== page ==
Researchers have discovered a fossil of the oldest ancestor of almost all animals to date. Ikaria wariootia was the size of a grain of rice and for the first time had a front and a back.
Admittedly, the similarity is not exactly obvious. But this being, about the size of a grain of rice, is the oldest known ancestor of many animals, including humans. A team of paleontologists and geologists from the University of California found several animal fossils in Nilpena, South Australia, in rock strata that are estimated to be at least 555 million years old (PNAS).
The special thing about the being, called Ikaria wariootia, is that it is bilaterally structured. So it has a left and a right half of the body, which – at least in the early stage of development – are mirror images. Most animals living today, whether earthworm, butterfly, shrimp, dog or human, are such “bilateria” or two-sided animals. Other features include a front and a back end and a casing with two open ends. It is estimated that this type of body organization developed in the Ediacarium, a period in earth’s history that ended about 541 million years ago.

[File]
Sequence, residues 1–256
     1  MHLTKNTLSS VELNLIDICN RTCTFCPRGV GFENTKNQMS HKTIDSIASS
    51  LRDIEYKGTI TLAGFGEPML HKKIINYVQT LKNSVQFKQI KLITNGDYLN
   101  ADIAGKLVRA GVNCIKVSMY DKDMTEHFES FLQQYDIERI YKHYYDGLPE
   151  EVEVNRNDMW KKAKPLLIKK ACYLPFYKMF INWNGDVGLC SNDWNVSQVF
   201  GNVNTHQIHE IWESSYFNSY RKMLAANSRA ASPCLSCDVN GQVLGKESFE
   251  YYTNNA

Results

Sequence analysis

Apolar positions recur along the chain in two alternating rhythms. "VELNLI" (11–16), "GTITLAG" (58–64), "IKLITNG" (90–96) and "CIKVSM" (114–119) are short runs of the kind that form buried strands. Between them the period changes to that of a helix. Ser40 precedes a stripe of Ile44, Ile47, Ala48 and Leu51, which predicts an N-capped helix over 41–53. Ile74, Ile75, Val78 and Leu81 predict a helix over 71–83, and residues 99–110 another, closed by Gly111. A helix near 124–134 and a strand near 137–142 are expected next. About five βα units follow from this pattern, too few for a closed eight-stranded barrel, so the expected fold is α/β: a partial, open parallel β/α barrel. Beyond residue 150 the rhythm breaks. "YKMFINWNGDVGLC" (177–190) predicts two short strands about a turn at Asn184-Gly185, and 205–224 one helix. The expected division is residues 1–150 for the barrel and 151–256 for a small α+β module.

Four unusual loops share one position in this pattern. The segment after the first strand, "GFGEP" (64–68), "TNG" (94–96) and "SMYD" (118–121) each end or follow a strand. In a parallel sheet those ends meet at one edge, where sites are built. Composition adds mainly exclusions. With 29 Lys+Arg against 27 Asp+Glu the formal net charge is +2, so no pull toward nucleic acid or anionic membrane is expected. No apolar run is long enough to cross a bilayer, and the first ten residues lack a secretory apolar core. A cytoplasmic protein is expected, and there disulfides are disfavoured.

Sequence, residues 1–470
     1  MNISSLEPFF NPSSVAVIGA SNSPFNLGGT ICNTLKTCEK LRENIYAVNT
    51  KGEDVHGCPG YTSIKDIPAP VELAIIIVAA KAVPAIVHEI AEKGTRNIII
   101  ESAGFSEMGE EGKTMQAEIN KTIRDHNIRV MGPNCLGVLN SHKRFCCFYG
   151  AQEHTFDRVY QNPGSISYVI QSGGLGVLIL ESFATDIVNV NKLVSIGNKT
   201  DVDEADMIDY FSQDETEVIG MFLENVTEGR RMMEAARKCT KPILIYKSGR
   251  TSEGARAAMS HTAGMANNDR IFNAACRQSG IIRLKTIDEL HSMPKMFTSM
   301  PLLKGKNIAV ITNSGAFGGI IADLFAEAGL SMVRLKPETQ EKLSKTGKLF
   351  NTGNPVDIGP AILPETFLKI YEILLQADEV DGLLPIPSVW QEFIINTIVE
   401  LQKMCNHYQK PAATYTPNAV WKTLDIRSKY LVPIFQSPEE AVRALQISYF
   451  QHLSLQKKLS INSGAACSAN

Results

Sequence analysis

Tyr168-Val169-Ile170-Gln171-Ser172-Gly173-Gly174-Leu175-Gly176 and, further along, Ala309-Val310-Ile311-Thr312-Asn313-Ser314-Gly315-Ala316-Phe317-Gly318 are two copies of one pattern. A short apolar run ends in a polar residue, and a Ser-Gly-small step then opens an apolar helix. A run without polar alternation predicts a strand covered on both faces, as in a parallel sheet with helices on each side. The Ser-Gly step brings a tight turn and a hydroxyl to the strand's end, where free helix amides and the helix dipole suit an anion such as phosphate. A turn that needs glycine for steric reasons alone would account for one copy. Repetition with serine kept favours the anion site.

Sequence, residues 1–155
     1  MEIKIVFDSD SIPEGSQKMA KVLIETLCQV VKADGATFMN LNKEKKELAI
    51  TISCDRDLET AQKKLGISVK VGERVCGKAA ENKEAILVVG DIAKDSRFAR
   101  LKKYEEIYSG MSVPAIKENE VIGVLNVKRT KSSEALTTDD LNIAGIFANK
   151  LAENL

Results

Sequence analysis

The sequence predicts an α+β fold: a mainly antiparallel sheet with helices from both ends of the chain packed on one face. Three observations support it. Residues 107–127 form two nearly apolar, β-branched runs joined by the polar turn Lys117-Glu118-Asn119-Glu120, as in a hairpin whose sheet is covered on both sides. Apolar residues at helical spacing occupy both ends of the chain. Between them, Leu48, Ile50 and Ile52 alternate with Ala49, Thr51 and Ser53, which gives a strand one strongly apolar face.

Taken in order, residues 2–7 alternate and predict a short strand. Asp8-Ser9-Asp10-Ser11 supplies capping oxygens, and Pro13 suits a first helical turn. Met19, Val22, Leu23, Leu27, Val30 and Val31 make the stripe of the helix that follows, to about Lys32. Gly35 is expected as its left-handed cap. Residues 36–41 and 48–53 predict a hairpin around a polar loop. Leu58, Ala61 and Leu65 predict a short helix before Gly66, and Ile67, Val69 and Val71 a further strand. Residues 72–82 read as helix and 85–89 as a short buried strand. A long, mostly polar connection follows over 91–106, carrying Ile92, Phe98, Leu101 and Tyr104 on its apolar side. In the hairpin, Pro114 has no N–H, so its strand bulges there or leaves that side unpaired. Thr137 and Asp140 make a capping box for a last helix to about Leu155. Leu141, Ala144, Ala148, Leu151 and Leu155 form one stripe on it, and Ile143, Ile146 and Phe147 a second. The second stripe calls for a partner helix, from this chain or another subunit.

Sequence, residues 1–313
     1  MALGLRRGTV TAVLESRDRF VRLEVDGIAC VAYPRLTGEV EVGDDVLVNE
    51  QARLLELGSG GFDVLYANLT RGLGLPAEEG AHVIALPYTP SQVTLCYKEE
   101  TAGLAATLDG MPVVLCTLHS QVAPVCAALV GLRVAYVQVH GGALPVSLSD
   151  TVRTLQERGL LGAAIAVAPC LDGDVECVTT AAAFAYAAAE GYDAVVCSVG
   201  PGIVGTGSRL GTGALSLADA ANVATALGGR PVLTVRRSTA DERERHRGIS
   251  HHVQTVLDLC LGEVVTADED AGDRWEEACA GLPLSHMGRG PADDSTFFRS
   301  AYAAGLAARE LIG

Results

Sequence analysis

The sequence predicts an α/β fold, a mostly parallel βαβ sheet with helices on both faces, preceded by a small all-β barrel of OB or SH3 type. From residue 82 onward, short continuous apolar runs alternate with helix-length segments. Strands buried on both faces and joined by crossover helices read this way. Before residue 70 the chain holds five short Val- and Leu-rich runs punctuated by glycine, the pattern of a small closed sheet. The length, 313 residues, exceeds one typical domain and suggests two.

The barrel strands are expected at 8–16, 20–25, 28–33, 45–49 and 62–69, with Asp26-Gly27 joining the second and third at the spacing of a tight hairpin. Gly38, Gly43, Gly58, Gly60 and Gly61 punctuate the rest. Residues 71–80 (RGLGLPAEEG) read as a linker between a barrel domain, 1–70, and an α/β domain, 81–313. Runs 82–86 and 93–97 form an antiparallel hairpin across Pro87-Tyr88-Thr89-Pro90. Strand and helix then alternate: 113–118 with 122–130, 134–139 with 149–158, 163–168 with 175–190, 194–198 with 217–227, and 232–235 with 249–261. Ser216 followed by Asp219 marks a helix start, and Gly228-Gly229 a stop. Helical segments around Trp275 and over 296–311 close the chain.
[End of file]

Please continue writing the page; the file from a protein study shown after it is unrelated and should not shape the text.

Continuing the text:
The researchers are certain that Ikaria wariootia is a two-sided animal, among other things it has a thick and a thin end, i.e. a front and a back. In the course of evolution, the head of the species existing today has developed from the front; about the tails from the back. Ikaria most likely had a mouth in the front and an anus in the back – both connected by an intestine, the authors of the current study write.
In the evolution of animals, the emergence of bilateral symmetry was a crucial step. Among other things, it is the prerequisite for being able to move in a specific direction.